TORONTO — As a German Nazi SS officer during the Second World War, Oskar Groening worked as an accountant at the Auschwitz concentration camp in occupied Poland.
He documented and evaluated the worth of all the valuables of the prisoners as they arrived off the trains.
But he didn't kill anyone nor sign orders to kill, according to his testimony at a high-profile 2015 trial, in which he was convicted as an accessory to the murder of 300,000 Jews.
The new documentary "The Accountant of Auschwitz" explores Groening's case — looking at the complicity of him and other lower-level SS guards, and the debates surrounding their prosecution.
"The reason why he was on trial is because they could prove that he was on the ramp where the selections took place: this person goes to the gas chamber, this person goes to work," said Matthew Shoychet, the doc's Toronto-based director.
"He was right there when the genocide was taking place, so just him being there makes him complicit."
Debuting Sunday at the Hot Docs Canadian International Documentary Festival, "The Accountant of Auschwitz" comes shortly after Groening's death last month at age 96. He had yet to start his four-year prison sentence, which he was appealing.
As Shoychet explains, Groening grew up in a nationalist family. After the war, he worked as a bookkeeper while living in his hometown in Germany.
He wasn't on the radar of prosecutors until 2005, when he did an interview with the BBC and candidly talked about his experiences at Auschwitz.
That led to his trial, in which Holocaust survivors including Bill Glied of Toronto testified.
Glied speaks in the doc, along with other survivors and a variety of academics, lawyers and journalists, among others.
Also in the doc is Benjamin Ferencz, a U.S. prosecutor at the post-war Nuremberg trials of Nazi leaders.
Ricki Gurwitz, one of the doc's producers, said she came up with the idea for the film after doing a segment on Groening's trial while working as a TV news reporter.
"One of the reasons we wanted to make this film is because the German judicial system, after the war, really did not prosecute Nazis," said Gurwitz.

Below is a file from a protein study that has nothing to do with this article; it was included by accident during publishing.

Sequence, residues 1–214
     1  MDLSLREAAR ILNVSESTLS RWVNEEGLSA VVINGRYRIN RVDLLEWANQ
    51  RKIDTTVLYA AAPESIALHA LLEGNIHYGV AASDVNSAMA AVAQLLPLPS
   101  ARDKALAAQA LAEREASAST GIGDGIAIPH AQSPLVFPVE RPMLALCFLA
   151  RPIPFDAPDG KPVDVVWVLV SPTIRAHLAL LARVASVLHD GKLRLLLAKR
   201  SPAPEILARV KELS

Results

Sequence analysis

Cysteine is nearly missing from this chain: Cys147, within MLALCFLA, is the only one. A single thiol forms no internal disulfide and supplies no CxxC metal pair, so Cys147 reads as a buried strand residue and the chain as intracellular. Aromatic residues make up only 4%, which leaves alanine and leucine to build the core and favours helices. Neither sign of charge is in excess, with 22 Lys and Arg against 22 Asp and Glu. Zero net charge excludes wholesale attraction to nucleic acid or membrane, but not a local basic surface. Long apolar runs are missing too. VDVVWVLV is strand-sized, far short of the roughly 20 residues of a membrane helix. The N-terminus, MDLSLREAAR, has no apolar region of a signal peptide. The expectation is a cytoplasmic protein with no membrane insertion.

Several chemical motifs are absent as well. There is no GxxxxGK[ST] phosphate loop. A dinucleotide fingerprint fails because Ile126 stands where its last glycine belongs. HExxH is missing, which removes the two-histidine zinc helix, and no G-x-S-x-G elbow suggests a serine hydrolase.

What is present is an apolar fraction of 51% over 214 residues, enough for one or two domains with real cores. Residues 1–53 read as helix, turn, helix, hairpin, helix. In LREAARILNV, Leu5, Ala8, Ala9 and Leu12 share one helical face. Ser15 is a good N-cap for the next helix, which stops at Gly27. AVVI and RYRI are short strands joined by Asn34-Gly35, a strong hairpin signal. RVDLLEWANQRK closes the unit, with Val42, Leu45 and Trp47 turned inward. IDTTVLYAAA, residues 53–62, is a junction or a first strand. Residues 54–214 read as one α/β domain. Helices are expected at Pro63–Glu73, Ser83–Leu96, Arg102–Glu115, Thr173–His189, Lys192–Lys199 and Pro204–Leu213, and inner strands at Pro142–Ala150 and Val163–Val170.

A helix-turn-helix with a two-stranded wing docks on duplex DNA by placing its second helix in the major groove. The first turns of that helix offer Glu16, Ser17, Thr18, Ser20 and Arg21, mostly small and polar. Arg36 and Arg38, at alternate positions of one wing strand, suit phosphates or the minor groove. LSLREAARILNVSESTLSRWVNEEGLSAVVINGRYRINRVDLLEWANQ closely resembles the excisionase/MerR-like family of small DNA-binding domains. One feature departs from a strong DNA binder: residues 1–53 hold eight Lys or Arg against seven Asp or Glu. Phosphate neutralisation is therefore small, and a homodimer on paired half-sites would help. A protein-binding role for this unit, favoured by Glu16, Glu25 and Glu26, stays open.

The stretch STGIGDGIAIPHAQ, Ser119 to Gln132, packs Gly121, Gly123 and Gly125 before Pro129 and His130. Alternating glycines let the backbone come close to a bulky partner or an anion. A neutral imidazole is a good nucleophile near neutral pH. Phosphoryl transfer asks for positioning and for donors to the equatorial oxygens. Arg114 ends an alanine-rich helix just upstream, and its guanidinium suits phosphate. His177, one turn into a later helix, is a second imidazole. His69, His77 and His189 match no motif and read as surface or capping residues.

"Their record is terrible. Out of the 6,500 SS guards at Auschwitz, only 49 were ever prosecuted.... In 2009 the interpretation of the law changed, so that meant that anyone who was just there could be prosecuted. That led prosecutors to (Groening)."
The filmmakers said Groening wouldn't do an interview with them for the doc, which does feature footage of him at his trial.
The film also looks at other Nazi war crimes trials, including that of John Demjanjuk.
"One of the questions, the central themes in our film, is Germany trying to make up for the mistakes of its past by prosecuting these lower-level SS guards who are 94, 95, today," said Gurwitz.
"How complicit are they? They didn't shoot anyone, they were just there. They helped the system run but they weren't actually killing anyone. All their contemporaries have died, all their superiors who actually did the killing died.
"They're the last men who are able to stand trial. Should they be facing prosecution because they're the last men left standing? Or are they actually complicit because they were a cog in the machine and the machine would not have run without them there?"
In the film, one of the survivors says she initially had sympathy for Groening when she saw how frail he was in court. But that vanished when she saw a look of disdain on his face.
Yet another survivor forgave him and hugged him in court, said Gurwitz.
"It just goes to show that this case is not so cut and dry, it's not so black and white. There's a lot of moral ambiguity."
Victoria Ahearn, The Canadian Press
Note to readers: CORRECTS to remove date reference in para 4